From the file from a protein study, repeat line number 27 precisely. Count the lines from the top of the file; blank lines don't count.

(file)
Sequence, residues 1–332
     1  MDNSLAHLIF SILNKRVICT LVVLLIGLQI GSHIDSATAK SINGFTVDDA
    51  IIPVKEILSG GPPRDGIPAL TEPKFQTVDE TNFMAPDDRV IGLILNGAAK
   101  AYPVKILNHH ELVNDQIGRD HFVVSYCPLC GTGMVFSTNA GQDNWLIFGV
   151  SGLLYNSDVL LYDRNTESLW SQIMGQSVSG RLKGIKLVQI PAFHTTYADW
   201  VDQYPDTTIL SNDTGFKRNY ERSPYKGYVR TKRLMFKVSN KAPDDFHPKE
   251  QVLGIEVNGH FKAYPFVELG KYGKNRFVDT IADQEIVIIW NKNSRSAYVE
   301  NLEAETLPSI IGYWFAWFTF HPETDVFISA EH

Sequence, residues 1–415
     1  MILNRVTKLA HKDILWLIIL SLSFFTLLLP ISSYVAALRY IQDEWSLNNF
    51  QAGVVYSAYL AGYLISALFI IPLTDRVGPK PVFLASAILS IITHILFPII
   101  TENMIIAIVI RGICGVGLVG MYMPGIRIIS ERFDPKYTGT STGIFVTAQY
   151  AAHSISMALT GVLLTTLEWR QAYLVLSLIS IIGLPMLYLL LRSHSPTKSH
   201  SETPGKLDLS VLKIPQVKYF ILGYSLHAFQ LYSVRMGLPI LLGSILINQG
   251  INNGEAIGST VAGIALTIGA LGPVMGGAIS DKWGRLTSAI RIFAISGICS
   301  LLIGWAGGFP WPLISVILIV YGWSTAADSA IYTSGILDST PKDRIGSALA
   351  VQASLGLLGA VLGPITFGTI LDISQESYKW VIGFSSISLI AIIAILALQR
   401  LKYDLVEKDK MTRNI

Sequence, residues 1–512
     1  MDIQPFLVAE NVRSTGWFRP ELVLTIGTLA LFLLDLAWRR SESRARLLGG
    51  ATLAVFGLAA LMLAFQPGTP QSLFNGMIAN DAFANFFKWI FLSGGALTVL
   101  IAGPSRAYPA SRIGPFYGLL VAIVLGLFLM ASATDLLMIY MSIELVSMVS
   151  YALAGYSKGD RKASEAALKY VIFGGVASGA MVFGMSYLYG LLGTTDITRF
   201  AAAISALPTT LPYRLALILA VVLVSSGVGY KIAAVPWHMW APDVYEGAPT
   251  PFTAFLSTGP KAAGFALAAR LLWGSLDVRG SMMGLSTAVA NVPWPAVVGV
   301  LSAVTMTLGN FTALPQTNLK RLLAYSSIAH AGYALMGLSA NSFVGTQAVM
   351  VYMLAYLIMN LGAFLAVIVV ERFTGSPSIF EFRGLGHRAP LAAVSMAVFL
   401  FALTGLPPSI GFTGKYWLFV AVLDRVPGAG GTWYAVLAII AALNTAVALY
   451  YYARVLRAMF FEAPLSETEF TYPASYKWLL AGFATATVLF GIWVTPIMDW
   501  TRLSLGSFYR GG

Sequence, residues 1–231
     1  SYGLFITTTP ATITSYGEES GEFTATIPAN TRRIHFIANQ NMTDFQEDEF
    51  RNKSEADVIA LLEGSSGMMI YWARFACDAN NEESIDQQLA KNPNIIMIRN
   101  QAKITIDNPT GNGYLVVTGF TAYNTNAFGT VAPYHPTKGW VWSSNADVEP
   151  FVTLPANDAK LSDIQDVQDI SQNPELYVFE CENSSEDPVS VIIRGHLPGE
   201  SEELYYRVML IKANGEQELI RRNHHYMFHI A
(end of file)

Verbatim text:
   351  VYMLAYLIMN LGAFLAVIVV ERFTGSPSIF EFRGLGHRAP LAAVSMAVFL